North Kessock

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Coordinates: 57°30′01″N 4°14′59″W / 57.50015°N 4.24973°W / 57.50015; -4.24973

North Kessock
Scottish Gaelic: Ceasag a Tuath
North Kessock is located in Highland
North Kessock
North Kessock
 North Kessock shown within the Highland council area
OS grid reference NH652477
Council area Highland
Country Scotland
Sovereign state United Kingdom
Post town Inverness
Postcode district IV1 3
Police Scottish
Fire Scottish
Ambulance Scottish
EU Parliament Scotland
List of places
UK
Scotland

North Kessock (Gaelic: Ceasag a Tuath or Aiseag Cheasaig[1]) is a village on the Black Isle north of Inverness.

Description[edit]

North Kessock is the first village encountered over the Kessock Bridge. Now by-passed by the main road to the north (the A9), the village remains quiet.[2] Its counterpart across the Beauly Firth, South Kessock, is a district of Inverness.

History[edit]

North Kessock probably existed as early as 1437, when the Dominican monastery in Inverness was granted a charter to operate a ferry to the Black Isle.[2][3] This was on the pilgrim route north to St Duthac Church in Tain.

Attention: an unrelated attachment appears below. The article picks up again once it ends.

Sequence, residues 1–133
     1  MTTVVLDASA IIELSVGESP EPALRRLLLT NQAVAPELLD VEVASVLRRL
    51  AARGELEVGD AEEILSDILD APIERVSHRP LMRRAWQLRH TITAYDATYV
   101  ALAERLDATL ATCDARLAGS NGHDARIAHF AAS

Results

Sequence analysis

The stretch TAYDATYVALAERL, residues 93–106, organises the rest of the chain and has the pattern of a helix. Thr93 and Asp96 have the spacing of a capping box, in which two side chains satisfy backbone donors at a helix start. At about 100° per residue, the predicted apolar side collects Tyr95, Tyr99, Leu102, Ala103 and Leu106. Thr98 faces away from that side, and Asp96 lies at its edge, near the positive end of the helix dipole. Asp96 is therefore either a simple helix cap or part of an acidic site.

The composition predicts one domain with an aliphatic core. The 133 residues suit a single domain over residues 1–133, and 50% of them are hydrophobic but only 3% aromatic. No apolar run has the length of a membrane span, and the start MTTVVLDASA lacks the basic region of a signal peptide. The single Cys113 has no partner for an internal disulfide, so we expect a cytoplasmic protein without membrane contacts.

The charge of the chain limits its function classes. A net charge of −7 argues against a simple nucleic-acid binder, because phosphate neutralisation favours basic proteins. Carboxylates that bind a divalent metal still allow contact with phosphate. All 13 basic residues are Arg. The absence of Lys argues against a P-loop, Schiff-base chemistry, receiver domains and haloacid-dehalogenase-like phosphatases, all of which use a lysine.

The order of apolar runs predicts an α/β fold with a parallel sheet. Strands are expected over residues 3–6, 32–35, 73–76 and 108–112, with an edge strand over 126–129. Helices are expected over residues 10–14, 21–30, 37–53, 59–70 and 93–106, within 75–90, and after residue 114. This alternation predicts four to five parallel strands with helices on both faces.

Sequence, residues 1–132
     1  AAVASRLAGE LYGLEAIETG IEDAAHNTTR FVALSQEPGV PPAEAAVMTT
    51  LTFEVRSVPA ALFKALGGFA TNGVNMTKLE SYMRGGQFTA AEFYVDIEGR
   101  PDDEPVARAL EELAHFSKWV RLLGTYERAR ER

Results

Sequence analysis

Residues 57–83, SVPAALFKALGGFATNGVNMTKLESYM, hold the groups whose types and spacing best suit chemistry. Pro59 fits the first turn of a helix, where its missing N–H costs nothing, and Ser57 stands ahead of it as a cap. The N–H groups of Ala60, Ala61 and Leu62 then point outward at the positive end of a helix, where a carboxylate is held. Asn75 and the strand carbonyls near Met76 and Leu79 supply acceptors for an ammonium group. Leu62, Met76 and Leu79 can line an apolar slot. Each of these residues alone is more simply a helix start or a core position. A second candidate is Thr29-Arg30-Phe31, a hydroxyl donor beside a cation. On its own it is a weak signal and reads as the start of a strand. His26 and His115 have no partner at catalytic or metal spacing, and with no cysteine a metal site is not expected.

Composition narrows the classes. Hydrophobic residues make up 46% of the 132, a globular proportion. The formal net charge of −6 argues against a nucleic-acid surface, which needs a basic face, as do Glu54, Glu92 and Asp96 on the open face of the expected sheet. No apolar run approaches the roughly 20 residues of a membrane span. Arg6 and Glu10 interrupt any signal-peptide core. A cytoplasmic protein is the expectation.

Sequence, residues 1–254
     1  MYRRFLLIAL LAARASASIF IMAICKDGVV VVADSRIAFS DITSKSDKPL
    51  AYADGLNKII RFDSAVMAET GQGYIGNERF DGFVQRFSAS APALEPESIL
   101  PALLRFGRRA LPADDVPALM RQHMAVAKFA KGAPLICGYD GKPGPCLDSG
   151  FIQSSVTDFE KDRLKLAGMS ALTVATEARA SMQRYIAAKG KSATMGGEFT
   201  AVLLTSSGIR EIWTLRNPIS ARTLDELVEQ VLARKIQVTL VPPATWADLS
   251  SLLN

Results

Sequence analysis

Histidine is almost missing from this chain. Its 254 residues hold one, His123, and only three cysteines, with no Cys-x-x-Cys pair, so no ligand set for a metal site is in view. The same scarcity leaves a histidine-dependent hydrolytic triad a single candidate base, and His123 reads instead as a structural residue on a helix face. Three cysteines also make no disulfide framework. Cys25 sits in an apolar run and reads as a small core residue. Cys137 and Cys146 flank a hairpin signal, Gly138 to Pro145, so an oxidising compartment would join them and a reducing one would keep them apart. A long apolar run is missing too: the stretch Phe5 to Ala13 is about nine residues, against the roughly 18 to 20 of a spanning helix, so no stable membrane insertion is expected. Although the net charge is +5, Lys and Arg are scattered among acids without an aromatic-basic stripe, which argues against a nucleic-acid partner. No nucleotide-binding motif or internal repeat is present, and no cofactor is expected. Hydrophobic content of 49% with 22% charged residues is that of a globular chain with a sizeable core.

The Kessock Ferry connected North and South Kessock until 1982, when the Kessock Bridge was completed and opened.

Wildlife[edit]

North Kessock is a famous spot for watching bottlenose dolphins, which are resident in the Moray Firth - indeed they are the most northerly group of bottlenose dolphins in the world.[citation needed] The Dolphin and Seal Centre, just north of the village (off the A9 road), is run by the Whale and Dolphin Conservation Society. It is located in the Tourist Information car park, north of the Kessock bridge off the A9. The charity also runs the Wildlife Centre at Spey Bay.

See also[edit]

Footnotes[edit]

  1. ^ Maclean, Roddy (2004). The Gaelic Place Names and Heritage of Inverness. Inverness: Culcabock Publishing. p. 79. ISBN 978-0-9548925-0-0. 
  2. ^ a b "North Kessock". Undiscovered Scotland. Retrieved 18 September 2009. 
  3. ^ "North Kessock and District History". North Kessock and District Local History Society. Retrieved 18 September 2009.